close of the business session. A
number' of new features ' will be
introduced into , the program this
. Officers ' of the: association are :
John A. Hudgens, president; A. J.
By BEE SHOOK
The Kev. W. A. Young filled
his regular appointment at the
Wesfeyan Methodist church Sunday
morning. He was accompanied by
Kev. John Ernest and Dewey Log
gias, air from Walhalla.
Airs. 'Ben Rogers is spending a
few days on Ellijay with her son,
Kerinit Rogers visited his par
ents, Mr. and Mrs. Ben Rogers,
Mr. and Mrs., Stanley Tilson
mads a business trip to Franklin
Elisha Fox from the CCC camp
spent Saturday night with his sis-,
ter, M rs. Herman Rogers.
Dills, vice-president, and W. H.
Overall, secretary-treasurer. Direc
tors in addition to . the president
and vice-president are R. R. Ram
sey, H.L. Nettles and S. C. Ben
nett. I '
I feel very humble in the pres
ence of the spirit of London. I
see proved, before my eyes, the
truth that violence cannot destroy
spirit. It can batter and hurt the
dwelling and all that surrounds it,
yet when force has done its worst
it has but given a setting out of
which fineness of character shines
the more brilliantly.' War Cry.
"THE HIGH TIDE OF
The following lines from Will
Henry Thompson's poem, "The
High Tide Of Gettysburg", are
printed in honOr of the birthday
of General Robert Edward Lee,
January 19. 1
Then at th brief command of Lee
Moved out that matchless infantry,
With Pickett leading grandly down,
To rush against the roaring crown
Of those dread heights of destiny.
The brave went down ! Without
They leaped to Ruin's red embrace;
They only heard fame's thunders
And saw the .' dazzling sunburst
In smiles on Glory's bloody face !
Fold up the banners! Smelt the
Love rules. Her gentle purpose
A mighty mother turns in tears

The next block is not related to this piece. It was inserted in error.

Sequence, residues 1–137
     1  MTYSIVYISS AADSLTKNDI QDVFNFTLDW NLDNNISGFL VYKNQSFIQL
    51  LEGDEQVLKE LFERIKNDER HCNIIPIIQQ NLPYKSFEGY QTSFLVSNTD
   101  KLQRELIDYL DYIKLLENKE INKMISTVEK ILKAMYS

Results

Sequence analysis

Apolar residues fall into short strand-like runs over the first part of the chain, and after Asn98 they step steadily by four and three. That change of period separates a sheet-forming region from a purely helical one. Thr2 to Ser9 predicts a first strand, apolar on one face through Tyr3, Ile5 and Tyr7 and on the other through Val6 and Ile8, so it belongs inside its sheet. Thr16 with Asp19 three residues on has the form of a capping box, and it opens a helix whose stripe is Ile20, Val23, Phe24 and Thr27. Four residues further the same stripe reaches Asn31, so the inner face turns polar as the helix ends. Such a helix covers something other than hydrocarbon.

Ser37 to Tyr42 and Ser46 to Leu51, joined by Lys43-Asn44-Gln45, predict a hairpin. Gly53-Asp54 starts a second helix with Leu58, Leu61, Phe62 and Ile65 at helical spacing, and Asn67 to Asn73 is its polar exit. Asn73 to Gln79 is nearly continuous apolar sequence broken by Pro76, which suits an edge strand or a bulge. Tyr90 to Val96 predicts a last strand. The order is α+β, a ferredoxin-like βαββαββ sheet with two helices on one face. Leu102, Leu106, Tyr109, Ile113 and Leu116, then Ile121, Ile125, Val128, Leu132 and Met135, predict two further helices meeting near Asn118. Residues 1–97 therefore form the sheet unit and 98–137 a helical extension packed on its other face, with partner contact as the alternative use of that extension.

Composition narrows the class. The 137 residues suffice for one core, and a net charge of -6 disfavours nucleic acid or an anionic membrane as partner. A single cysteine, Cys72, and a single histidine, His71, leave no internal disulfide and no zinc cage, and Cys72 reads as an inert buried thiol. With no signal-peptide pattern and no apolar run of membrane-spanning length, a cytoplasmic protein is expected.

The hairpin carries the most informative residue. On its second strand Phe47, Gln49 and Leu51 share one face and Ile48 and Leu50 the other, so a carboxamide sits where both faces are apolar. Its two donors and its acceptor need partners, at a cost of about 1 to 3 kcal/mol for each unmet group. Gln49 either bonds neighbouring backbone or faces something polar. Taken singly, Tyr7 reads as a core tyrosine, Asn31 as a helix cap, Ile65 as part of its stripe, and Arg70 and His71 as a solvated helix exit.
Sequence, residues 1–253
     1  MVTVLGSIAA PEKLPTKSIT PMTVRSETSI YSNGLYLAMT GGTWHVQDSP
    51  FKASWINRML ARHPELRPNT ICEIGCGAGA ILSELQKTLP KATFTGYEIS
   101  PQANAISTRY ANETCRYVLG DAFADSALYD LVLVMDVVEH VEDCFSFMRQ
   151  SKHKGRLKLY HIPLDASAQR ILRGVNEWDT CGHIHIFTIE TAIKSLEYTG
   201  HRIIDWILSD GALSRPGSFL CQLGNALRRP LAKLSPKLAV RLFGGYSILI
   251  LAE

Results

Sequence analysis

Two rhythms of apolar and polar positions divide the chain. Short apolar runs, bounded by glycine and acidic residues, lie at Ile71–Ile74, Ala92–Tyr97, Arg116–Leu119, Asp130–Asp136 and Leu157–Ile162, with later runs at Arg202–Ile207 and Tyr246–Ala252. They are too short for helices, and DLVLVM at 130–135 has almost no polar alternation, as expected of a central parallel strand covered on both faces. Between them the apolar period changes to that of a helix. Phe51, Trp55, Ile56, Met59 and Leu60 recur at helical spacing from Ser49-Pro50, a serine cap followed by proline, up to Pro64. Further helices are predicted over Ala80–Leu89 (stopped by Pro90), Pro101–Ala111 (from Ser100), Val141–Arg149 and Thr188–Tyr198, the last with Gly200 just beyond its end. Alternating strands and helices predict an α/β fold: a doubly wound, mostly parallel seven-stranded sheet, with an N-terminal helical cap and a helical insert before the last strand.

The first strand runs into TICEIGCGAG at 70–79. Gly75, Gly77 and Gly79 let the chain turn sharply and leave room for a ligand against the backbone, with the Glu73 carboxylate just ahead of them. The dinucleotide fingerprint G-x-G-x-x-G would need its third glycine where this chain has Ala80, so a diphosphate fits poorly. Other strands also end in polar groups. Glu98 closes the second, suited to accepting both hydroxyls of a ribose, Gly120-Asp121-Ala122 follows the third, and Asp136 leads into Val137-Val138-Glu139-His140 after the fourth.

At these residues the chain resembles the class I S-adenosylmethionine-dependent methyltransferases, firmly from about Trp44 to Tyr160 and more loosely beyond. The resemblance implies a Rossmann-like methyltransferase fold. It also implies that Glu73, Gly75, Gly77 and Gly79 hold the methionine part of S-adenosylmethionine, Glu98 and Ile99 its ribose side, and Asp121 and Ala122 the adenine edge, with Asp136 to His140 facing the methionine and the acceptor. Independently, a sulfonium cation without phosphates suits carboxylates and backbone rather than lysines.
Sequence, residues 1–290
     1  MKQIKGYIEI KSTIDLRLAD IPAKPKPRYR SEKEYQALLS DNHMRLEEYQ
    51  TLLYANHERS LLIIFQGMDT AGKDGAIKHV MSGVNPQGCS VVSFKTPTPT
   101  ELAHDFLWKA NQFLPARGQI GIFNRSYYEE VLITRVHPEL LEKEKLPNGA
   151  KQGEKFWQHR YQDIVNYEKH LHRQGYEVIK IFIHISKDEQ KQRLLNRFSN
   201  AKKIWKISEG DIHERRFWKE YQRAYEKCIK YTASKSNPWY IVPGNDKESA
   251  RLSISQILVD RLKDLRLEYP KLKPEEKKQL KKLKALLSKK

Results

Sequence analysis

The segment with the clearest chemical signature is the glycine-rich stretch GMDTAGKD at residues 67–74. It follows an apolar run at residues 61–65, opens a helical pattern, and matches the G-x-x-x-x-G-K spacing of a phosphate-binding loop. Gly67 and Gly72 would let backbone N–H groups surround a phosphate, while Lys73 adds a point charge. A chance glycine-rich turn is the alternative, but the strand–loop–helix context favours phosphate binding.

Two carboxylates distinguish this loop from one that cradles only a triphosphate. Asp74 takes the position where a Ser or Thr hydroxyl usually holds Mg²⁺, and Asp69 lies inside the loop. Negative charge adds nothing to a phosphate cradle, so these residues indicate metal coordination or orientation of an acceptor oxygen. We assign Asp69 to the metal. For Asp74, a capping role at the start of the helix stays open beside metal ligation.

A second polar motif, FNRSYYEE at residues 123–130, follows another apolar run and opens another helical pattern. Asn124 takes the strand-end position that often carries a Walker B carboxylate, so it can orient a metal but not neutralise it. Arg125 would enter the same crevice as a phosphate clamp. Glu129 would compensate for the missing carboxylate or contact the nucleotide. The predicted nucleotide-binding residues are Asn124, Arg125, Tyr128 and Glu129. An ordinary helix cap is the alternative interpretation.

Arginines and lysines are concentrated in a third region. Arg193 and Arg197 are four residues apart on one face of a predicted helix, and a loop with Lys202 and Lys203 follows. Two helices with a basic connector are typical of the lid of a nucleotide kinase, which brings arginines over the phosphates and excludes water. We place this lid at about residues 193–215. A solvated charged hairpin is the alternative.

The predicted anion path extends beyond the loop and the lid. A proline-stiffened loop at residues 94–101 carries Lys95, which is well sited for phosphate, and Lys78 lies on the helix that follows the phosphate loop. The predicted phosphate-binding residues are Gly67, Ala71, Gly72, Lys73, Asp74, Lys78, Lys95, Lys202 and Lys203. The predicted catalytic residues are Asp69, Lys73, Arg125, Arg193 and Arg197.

The pages , of her battle years,
Lamenting all her fallen sons!
Having, qualified in Macon Coun
ty, N. C, as executrix of Samul
Prioleau Ravenel, deceased, late of
Charleston, S. C, this is to notify
all persons having claims against
the estate of said deceased to ex
hibit them to the undersigned on
or before the 15th day of January,
1942, or this notice will be plead
in bar of their recovery. AH per
sons indebted to said estate will
please make immediate settlement.
This 15th day of January, 1941.
BEATRICE W. RAVENEL,
J. E. Potts & Son
SOLID OAK CASKETS
Phono 164 Franklin, N. C
666 Liquid or 666 Tablets with 666
Salve or 666 Nose Drops generally re
lieves cold; symptons the first day.
CULLASAJA GORGE: NIGHT
Dark green swirls of water, edged
With fairy bits of foam,
Pointed pines of Pixie-land,
Wierd as any gnome
Little stars of heaven,
Bright as elfin eyes
Magic are the trees and hills . . .
Magic are the skies. .. .
Bess Hr Hines.
Franklin Lodge, No. 452
In American Legion Hall
Every Thursday Night
7:30 O'CLOCK P. M.
J. J. Mann, Secretary
With a Tailored Suit
PRICE IS NOT ADVANCED
Pay For Three-Piece Suit Only
TAILORED TO YOUR MEASURE FROM
THE FAMOUS INTERNATIONAL
TAILORING ALL WOOL LINE
It will pay you to get a suit now, as we are
facing an advance in market prices. These spe
cials will only last a few clays. Come early and
get a good selection
You Have Heard of Cutting
Prices For January
IF YOU WANT TO BE SURPRISED, COME
IN AND SEE WHAT I AM DOING
"PRICE CUTTING FOOL"
I AM OFFERING BIG REDUCTIONS
ON ALL WINTER SUITS, COATS, SHOES,
SWEATERS, JACKETS, LUMBER JACKS,
OVERCOATS, AND QUILTS
Bring Your List and Little Cash, and Get a
Whole Lot For it!
DONT FORGET THE PLACE TO TRADE
"We Clothe the Family"
FRANKLIN, N. C.